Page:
Tuesday, October 17, 2006

National white cane safety day observed by the visually impaired

The six women made their way gingerly through the grass in Monday’s noonday sun, stopping at the edge of four wide, bustling lanes of Military Highway traffic.

Their mission: to cross from the Golden Corral at Norview Avenue to the Food Lion and back again. The hitch: They were making the walk in their personal darkness, each following the lead of a slender white cane.

“What you don’t find with your feet,” Hazel Burton said, “you feel with the cane.”

The women, all members of the Virginia Association of the Blind, were walking in celebration of National White Cane Safety Day. The goals: solidarity and raising awareness.

The white cane

Oct. 15 is White Cane Safety Day, honoring the achievements of blind and visually impaired Americans.

The white cane is both a symbol and a tool, alerting others to the fact of one’s impairment and alerting the blind to obstacles in their path.

CORRECTIONSThe original version of this story should have said that the mission of a visually impaired group was to cross from the Golden Corral at Norfolk's Norview Avenue to the Food Lion and back again - not to Farm Fresh.

As two policemen stopped traffic, Burton took the arm of sighted volunteer Nancy Gray and set her cane moving in short sweeps and staccato taps along the pavement. Next came Mildred Jackson and Barbara Davis, who each have partial sight, then Anita Burnell, who was holding the arm of Joan Bright.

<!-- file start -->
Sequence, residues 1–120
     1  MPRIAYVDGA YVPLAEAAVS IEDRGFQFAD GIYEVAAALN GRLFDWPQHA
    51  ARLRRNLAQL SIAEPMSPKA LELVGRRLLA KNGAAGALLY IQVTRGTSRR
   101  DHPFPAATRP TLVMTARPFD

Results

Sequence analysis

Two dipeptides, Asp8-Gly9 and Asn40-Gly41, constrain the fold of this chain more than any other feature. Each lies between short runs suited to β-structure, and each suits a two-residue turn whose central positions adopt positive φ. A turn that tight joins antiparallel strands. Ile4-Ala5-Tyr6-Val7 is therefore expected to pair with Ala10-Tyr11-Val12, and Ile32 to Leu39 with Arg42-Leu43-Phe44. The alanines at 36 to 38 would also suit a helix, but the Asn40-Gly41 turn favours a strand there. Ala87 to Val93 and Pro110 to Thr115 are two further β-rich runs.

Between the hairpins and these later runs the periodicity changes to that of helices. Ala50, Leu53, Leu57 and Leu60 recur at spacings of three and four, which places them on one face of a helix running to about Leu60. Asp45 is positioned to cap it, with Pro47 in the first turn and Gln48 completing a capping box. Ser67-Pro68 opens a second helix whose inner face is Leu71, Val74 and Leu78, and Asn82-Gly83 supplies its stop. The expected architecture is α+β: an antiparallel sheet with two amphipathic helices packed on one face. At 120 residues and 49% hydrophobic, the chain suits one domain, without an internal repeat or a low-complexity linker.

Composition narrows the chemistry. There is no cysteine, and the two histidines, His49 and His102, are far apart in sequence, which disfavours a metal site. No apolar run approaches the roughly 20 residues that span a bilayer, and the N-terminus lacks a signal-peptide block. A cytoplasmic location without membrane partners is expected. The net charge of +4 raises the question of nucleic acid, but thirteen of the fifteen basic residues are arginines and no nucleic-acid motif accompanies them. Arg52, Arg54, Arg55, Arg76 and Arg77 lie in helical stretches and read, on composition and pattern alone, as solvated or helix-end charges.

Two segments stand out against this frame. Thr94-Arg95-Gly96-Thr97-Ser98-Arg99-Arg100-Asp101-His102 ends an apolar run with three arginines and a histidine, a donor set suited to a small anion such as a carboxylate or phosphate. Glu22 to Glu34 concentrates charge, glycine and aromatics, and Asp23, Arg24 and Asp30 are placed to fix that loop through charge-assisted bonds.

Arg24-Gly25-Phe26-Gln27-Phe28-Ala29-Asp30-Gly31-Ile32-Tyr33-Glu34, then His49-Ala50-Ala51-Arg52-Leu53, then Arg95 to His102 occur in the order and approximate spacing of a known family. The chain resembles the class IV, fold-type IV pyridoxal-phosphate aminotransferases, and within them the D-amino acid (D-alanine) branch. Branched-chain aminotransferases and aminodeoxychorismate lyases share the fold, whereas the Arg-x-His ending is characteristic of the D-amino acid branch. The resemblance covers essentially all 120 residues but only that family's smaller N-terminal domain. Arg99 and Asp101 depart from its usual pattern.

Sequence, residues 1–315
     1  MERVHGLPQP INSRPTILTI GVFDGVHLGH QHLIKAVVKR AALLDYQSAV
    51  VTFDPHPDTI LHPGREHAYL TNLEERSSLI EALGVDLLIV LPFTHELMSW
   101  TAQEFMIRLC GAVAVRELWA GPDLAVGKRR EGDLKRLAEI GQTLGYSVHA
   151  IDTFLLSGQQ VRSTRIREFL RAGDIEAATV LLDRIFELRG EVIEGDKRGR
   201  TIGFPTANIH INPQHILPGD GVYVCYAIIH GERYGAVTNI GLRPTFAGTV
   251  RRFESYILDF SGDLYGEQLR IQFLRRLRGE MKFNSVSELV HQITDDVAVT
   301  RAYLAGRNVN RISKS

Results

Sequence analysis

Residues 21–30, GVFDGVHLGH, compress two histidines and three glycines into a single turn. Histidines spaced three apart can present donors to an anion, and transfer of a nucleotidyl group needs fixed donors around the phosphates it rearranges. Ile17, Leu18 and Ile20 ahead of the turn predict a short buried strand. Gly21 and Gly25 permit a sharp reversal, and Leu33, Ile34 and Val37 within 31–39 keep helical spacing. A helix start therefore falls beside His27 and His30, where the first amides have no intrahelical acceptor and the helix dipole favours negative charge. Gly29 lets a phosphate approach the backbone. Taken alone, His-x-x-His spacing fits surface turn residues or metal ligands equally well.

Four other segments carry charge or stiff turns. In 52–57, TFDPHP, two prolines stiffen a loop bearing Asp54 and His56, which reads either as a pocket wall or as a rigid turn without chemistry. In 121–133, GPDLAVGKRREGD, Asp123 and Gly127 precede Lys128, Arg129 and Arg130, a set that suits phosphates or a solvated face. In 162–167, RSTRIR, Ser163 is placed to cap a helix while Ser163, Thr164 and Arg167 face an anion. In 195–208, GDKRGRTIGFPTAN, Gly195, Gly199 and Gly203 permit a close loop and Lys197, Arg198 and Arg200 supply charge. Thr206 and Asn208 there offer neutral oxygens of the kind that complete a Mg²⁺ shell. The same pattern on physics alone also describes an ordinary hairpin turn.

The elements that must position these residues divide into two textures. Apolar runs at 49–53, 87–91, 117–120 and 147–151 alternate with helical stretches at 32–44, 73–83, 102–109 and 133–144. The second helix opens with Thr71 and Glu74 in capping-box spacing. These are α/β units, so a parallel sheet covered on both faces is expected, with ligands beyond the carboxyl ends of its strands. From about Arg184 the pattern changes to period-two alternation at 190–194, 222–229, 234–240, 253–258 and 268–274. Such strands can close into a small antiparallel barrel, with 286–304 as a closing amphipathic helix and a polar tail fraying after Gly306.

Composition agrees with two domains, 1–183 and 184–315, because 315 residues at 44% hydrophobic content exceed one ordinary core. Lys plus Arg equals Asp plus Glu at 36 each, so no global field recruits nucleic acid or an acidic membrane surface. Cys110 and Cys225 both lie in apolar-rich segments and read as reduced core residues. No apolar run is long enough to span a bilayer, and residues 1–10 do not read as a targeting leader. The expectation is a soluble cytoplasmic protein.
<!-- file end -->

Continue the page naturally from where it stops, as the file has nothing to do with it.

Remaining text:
They traversed the pocked asphalt and slight decline into the Food Lion parking lot. After a momentary rest, they started back to the Golden Corral.

Jackson broke into song: “We’ve come this far by faith …” she began, and Bright chimed in on harmony.

Then Gray halted. “Hold on, I found a penny!” she said. “And it’s heads up, so you’re all going to have good luck.”

Armed with that protection, they crossed safely back under the officers’ watch, walking between four lanes of idling cars, and filed into the restaurant as Jackson held the door.

“You know the last one in pays for everyone,” Gray told her.

“I can’t see, but I can run,” Jackson replied.


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